There has been a change in the political strategy of the BJP—it is branching out by regionalising its own agenda, leadership and symbols, and has carved out an alliance with Capt Amarinder Singh’s Punjab Lok Congress. This has also exposed the BJP’s electoral strategy of attempting to marginalise regional parties.
In this election, the SAD has not entered into a pre-poll alliance with the BJP over the farm bills issue. It has instead allied with the Bahujan Samaj Party (BSP)—an alliance that has come about after two and a half decades.
Not surprisingly, this coalition of the opposites existed within the Congress, too, which claimed to be secular. The Congress represented a coalition of Sikh leaders (who were votaries of Punjabi Suba—political movement demanding the creation of a Punjabi-speaking state) with Hindu leaders (who were in the forefront of the Hindi agitation and in favour of Maha Punjab).
It all started with the manner in which the Congress leadership replaced Capt Amarinder Singh just a few months before the election. When the name of Jakhar (a Hindu) was doing the rounds, the Congress spokesperson made a statement that only a Sikh could be the chief minister—a remark that did not go down well with the Jat Sikhs and the Hindus. The nomination of a Scheduled Caste chief minister for the first time created a buzz. But has it led to a consolidation of SC votes to a particular leader or party? Perhaps no.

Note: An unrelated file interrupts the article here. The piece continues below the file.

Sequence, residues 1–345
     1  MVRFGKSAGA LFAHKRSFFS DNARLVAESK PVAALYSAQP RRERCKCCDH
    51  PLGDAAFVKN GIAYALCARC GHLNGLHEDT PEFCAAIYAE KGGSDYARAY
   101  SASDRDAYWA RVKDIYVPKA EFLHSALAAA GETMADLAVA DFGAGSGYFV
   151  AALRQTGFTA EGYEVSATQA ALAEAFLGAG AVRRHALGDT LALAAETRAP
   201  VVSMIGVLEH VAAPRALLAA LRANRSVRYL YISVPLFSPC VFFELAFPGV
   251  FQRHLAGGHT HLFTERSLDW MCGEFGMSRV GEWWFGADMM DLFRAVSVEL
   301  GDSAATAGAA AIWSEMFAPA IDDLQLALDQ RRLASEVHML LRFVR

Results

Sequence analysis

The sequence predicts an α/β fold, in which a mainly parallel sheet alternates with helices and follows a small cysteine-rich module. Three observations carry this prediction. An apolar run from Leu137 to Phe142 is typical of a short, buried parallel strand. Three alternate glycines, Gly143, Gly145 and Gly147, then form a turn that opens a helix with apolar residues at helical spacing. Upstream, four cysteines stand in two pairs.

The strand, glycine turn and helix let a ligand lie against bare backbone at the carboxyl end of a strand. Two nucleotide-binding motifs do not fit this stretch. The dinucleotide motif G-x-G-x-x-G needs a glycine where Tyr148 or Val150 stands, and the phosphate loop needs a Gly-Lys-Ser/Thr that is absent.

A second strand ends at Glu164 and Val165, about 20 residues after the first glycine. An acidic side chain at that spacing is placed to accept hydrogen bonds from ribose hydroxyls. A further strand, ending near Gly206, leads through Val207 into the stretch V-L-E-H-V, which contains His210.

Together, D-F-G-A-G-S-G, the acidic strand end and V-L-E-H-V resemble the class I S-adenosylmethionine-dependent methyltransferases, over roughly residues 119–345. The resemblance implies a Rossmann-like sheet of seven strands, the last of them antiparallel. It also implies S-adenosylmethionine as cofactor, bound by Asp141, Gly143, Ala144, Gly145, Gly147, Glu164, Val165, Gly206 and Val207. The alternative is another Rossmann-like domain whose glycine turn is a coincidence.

The religious reforms movements, particularly Sikhism and to an extent Arya Samaj, weakened the behavioural aspects of inter- and intra-caste practices of the Sikhs and Hindus. The Scheduled Castes acquired more social and political bargaining space. They found representation across political parties rather than merely in a caste-based political party, such as the BSP.
The Scheduled Castes do not constitute a captive vote bank of any political party. Numerically though, they are proportionately represented in the state politics. Of the 1,365 legislators between 1967 and 2017, the Scheduled Castes constituted 25.57 per cent, OBCs 8.57 per cent and Jat Sikhs 43.59 per cent.
The religio-caste divisions, Dera factor, regional variations (between Majha, Malwa and Doaba) and consolidation of Urban Hindus could not counter the AAP wave. The decimation of the SAD and marginalisation of the Congress in elections by the AAP is historic. It is a signal that the AAP is all poised to replace the Congress and out-compete the BJP particularly in Himachal Pradesh and Haryana.
In Punjab, as is evident, the status quo has become unsustainable. Therefore, it is urgent that the political leadership ought to think afresh and demonstrate its sincerity and will to implement the pro-people agenda. But perspectives on development in Punjab have hinged merely on government debt. Undoubtedly, it is worrisome. There are states which are under heavy debt, but are maintaining their pace of development. The crisis in Punjab is not merely confined to the grim fact that the state debt is mounting or that unemployment is rising, or that dalits are reduced to penury, or that drug addiction, female foeticide and farmer suicides are on the rise, the real crisis is the manner in which these problems ought to have been effectively addressed.
The writer is director, Institute for Development and Communication, Chandigarh.